The UWSA Daycare Annual Family Picnic was joined by The University of Winnipeg’s TOYBOX team this summer which added fun and games that support literacy, numeracy, and wellness.
The summer day provided perfect wind conditions for a bubble-blowing extravaganza that incorporated science and the art of making great bubbles, of all sizes. Children of all ages were shown different techniques to make bubbles while considering the science of what the bubbles are made of, why they float, and why they pop.
The younger participants in the crowd were also encouraged to focus on fun words to describe the ‘slimy, sticky, drifting, floating bubbles’.
The TOYBOX team who attended the event included project director Dr. Sheri-Lynn Skwarchuk and her interdisciplinary team of undergraduate education students Kristen Blatta, Mikaila Collins and Meagan Nenka with psychology student Alyssa Wright and developmental studies student Grace Mateo.
Collins and Nenka worked behind the scenes to prepare materials, and University of Manitoba’s fine arts student Brian Guevarra created graphic designs for the featured bubble-blowing activity.
“My first time with the TOYBOX crew I got to see the community respond to us with curiosity, warm smiles, and like-minded concern for their children’s fun and well-being through the scope of education,” shared Mateo whose participation in the TOYBOX event is part of her advanced university internship experience. “The bubbles were a big hit. The simplicity and open-ended aspect of the activity intrigued the kids of all ages – including my inner kid!”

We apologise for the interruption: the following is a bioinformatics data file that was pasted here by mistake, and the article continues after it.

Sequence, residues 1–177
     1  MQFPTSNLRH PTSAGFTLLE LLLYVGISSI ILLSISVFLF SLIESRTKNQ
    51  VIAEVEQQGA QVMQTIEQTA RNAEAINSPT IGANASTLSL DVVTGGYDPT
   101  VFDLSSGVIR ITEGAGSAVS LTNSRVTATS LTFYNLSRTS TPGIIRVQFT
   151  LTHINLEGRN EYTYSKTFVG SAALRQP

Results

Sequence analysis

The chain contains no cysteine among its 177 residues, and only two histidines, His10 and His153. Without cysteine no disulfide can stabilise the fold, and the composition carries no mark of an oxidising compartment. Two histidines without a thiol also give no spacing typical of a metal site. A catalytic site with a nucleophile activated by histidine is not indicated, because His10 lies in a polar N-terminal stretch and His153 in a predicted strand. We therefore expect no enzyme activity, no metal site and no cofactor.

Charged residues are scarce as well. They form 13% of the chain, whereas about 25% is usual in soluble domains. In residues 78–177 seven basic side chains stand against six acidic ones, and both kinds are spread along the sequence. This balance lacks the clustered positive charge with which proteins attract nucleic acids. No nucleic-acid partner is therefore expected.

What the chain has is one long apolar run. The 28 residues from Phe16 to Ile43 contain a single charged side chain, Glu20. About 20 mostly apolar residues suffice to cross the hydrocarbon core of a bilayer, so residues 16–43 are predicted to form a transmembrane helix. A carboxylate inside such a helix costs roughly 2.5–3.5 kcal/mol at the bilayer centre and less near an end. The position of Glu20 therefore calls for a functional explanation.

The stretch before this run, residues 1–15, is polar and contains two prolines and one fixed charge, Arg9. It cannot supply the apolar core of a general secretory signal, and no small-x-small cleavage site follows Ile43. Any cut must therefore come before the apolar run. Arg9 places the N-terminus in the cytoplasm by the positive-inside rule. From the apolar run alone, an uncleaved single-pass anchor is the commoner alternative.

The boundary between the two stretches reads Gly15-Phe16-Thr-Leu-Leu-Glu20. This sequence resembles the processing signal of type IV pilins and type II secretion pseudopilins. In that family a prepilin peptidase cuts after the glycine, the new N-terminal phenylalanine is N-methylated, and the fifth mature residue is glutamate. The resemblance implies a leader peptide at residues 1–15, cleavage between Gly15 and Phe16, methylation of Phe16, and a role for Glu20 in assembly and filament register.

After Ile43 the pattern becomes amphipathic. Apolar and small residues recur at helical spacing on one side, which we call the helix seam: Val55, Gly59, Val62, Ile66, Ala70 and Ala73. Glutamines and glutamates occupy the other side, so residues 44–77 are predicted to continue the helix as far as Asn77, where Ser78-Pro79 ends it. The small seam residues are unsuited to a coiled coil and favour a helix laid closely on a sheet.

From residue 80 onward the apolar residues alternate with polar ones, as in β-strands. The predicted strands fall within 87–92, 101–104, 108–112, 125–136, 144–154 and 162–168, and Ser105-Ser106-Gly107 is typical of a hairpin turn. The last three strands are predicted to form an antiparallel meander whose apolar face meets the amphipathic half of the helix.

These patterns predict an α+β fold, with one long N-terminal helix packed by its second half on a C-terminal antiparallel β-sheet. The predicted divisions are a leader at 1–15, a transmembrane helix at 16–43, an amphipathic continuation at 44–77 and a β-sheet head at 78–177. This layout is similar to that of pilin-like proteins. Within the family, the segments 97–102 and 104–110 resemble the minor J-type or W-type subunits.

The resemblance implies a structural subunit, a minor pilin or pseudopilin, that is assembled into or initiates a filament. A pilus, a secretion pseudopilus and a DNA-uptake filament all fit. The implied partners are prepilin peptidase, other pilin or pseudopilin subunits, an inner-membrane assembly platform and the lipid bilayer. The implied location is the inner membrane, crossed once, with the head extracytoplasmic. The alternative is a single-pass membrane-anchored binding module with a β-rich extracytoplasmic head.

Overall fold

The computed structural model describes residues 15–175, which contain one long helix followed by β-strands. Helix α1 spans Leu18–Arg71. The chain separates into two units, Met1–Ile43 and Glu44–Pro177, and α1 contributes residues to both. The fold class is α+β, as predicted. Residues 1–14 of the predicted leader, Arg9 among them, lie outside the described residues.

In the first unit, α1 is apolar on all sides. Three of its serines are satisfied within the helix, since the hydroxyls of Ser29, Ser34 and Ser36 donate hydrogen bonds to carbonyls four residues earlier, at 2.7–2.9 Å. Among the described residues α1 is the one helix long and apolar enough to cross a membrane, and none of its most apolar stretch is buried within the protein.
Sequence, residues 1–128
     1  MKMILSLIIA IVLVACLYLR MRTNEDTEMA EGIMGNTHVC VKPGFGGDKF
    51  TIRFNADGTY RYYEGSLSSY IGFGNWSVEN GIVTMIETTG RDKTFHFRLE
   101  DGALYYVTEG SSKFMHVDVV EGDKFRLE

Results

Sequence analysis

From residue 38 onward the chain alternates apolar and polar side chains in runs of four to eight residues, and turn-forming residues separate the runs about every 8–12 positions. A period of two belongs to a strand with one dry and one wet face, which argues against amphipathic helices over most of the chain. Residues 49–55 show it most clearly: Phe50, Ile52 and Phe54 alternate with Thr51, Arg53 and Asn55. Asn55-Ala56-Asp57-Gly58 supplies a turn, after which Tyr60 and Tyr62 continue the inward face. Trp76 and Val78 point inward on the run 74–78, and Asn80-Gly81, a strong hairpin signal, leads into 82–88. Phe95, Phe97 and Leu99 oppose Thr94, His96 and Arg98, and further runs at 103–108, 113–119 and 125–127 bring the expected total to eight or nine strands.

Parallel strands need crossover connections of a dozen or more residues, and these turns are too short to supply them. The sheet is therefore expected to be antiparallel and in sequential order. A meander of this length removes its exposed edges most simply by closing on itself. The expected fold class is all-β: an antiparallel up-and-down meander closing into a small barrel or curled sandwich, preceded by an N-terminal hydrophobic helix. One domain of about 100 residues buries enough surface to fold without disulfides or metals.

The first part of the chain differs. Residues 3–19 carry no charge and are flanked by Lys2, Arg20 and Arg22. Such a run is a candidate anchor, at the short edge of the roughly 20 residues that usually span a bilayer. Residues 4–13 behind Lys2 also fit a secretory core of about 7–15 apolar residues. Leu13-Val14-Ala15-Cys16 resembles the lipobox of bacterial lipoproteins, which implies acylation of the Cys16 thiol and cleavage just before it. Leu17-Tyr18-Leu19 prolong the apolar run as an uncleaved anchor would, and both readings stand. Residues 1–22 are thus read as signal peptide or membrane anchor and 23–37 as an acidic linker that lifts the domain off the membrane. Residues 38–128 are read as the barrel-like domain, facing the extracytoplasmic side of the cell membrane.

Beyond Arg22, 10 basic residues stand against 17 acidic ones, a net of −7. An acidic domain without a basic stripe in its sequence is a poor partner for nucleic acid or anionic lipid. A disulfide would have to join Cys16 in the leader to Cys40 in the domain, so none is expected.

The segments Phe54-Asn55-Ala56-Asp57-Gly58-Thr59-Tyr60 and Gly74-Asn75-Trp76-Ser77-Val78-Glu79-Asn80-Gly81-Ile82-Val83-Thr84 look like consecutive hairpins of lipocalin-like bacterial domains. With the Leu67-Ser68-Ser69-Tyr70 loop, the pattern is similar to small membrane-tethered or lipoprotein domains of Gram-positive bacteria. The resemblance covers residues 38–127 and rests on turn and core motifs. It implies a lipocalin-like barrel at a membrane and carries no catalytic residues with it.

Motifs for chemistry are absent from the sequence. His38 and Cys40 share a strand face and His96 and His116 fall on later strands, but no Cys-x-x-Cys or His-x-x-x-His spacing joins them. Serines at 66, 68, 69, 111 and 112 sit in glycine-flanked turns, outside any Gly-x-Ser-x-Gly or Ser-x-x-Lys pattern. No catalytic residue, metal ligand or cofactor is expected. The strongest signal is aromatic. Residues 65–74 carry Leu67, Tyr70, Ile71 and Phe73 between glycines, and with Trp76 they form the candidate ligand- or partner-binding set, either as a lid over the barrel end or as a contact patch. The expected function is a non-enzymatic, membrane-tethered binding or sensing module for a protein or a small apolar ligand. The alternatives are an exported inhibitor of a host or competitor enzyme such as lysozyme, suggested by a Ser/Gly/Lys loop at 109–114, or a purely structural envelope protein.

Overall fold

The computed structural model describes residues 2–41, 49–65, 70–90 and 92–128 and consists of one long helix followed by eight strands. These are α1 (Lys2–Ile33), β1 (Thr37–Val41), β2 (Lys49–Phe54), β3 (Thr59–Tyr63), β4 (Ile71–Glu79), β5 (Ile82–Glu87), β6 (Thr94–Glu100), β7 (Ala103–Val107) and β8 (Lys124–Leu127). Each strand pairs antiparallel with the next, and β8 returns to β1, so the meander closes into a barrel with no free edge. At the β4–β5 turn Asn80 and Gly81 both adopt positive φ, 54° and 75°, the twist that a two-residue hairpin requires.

The team was also joined by student Sophia Lowe from the Maples MET high school. She became part of the TOYBOX project as part of her grade nine internship in wellness. This summer, Lowe is working alongside three other students from her school and the TOYBOX team thanks to funding support allocated for high school students as part of a Social Sciences and Humanities Research Council of Canada Partnership Development Grant.
The TOYBOX team provided learning tips for families while engaging in fun activities. Skwarchuk’s project encourages numeracy, literacy, and wellness opportunities while having fun. She noted, “having access to the community through our connection with the UWSA Daycare provided a great opportunity for students to interact with families. At the same time, we connected with parents about the importance of early home learning opportunities.”
TOYBOX is beginning to work with various communities to support learning. If you know of a community that would be interested in having a visit from the TOYBOX team, or for suggestions for more summer-fun learning activities, please visit TOYBOXManitoba.ca.